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Published: Wednesday, 11/8/2006

Panel to solve zoning issues for Perrysburg and township

BY JOE VARDON
BLADE STAFF WRITER

The moratorium regarding Perrysburg's municipal utility overlay district in Perrysburg Township is done, but peace remains between the neighbors.

The reason: An informal, joint committee made up of city and township officials formed recently to iron differences between the two municipalities' zoning codes.

Part of the new zoning code Perrysburg adopted in March includes provisions that require developers in the municipal utility overlay district seeking water and sewer service from the city to do a marketing study and go through a special approval process, including a hearing in front of council, in addition to a site-plan review.

Perrysburg agreed in June to freeze those requirements until Oct. 31, partially to allow time for city and township officials to discover a way to coexist without problems under this code.

The path they chose was to create a committee that would discuss procedures of how each government would conduct site plan reviews and how to handle situations in which one zoning code differs from another.

"Instead of feuding, we decided to civilly work this out," township Administrator John Hrosko said.

Mr. Hrosko and Rob Black, who chairs the township's planning and zoning commission, said a main problem the township faced was changes the city would make to a project after the township had granted its final site plan approval.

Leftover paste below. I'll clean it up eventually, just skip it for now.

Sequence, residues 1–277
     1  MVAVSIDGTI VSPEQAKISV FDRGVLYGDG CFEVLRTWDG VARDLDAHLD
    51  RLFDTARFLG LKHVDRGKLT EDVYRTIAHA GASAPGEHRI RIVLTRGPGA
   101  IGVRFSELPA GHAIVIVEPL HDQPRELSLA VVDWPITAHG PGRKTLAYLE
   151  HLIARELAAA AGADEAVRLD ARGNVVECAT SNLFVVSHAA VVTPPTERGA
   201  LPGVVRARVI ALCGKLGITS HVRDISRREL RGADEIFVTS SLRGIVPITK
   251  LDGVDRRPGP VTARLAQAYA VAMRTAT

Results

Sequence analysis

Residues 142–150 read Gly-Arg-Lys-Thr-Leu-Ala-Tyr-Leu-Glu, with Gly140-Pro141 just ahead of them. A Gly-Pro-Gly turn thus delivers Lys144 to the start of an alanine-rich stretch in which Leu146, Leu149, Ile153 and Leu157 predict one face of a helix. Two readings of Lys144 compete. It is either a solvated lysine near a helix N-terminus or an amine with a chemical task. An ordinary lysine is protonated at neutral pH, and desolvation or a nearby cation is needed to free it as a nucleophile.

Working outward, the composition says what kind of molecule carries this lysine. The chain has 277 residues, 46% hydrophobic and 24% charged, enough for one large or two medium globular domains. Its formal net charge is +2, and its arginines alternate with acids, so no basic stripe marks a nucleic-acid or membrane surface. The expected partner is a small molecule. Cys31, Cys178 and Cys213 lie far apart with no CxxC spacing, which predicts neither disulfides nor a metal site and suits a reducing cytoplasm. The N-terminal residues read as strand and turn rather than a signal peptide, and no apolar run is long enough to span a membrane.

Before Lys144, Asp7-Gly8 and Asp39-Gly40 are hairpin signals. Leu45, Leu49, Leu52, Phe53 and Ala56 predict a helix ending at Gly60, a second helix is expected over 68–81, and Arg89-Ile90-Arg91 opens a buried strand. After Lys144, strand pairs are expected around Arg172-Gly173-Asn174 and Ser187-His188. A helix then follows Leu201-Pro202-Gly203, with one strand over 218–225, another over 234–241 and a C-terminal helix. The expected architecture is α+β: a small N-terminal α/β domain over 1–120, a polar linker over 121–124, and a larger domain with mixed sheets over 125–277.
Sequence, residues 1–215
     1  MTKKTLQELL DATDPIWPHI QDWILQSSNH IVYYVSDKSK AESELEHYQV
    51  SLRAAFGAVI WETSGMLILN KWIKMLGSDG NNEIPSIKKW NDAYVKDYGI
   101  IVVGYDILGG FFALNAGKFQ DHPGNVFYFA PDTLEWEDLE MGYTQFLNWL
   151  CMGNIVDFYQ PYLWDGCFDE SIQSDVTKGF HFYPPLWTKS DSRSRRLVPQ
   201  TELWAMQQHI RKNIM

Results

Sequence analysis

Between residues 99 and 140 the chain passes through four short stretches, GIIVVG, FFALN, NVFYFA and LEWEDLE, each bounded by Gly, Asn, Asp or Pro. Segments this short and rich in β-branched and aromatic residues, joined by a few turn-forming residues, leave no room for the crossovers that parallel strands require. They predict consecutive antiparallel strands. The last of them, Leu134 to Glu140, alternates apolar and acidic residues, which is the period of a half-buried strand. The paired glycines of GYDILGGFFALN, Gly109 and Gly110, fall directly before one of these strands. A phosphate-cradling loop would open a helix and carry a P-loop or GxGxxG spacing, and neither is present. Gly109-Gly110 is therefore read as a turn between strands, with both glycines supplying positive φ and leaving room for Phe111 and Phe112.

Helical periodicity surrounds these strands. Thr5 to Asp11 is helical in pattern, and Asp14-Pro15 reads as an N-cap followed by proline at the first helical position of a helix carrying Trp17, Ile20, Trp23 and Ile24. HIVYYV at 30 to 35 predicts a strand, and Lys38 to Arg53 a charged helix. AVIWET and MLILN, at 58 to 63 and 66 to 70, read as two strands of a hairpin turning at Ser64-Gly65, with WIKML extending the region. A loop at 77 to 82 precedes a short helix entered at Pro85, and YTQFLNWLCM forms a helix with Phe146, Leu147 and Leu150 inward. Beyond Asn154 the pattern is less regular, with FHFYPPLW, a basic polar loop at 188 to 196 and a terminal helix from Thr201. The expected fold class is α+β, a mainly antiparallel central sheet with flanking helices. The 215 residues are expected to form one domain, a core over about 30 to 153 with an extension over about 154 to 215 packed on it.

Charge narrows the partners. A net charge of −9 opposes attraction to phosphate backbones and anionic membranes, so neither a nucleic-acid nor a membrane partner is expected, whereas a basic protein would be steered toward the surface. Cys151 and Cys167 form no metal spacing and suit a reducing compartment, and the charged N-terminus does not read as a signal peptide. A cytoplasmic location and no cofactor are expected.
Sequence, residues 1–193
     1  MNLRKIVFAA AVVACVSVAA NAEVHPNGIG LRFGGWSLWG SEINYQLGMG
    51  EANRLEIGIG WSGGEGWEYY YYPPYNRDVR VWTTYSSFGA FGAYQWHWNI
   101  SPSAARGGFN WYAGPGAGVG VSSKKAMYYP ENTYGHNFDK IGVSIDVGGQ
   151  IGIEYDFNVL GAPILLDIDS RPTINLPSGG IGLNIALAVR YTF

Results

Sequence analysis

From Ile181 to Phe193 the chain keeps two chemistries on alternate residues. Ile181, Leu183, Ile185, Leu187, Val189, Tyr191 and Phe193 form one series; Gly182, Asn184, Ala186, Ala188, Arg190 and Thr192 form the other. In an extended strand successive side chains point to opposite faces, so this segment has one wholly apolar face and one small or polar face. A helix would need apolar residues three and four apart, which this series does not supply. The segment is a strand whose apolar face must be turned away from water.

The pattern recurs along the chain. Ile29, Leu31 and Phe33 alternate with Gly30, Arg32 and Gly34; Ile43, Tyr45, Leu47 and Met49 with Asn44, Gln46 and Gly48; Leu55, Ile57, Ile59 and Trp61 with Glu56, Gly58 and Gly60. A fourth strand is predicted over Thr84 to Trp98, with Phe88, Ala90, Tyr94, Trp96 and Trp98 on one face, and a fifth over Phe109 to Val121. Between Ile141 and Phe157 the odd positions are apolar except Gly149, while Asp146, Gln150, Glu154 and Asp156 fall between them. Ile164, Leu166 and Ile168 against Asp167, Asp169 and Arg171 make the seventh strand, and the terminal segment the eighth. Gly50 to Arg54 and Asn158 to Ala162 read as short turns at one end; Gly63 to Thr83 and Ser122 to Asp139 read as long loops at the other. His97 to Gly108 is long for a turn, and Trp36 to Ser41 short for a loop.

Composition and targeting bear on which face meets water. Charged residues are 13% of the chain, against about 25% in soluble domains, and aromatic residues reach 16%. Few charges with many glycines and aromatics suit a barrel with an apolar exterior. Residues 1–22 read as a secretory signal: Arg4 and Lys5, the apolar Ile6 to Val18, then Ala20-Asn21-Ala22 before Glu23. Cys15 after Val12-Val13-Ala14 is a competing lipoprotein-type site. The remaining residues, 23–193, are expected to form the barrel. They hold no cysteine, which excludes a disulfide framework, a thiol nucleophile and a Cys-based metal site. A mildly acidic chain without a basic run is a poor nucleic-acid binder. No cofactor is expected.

The committee - which also includes (from Perrysburg) Mayor Nelson Evans; Administrator John Alexander; Planning Commission Chair Carl Timm; Planning and Zoning Committee Chair Tim McCarthy; and township board of trustees Chairman Bob Mack - determined the city would conduct its site plan reviews before the project was up for approval by the township.

Mr. Black said this was an important agreement because developers working in the joint district would need to apply for a zoning permit through the township.

When part of a project's proposal would violate one municipality's zoning code but not another's, the committee will meet to discuss a compromise. Anything the committee agrees on will be taken back to respective zoning commissions, as well as city council and the township's board of trustees.

"The hope is, in the course of conversation, we would come to a solution that is in the best interest of the city, the township, and the developer," Mr. Alexander said.

The test project for this committee is the new Best Buy building, which is planned for construction on U.S. 20 and Thompson Road. The committee has met to set the aforementioned guidelines, but has yet to convene to settle a discrepancy between codes.

Until such a situation arises, no one will know for sure if the committee is a success.

"We've put together something we think can work for both sides," Mr. Black said. "But we'll never know until we try it."



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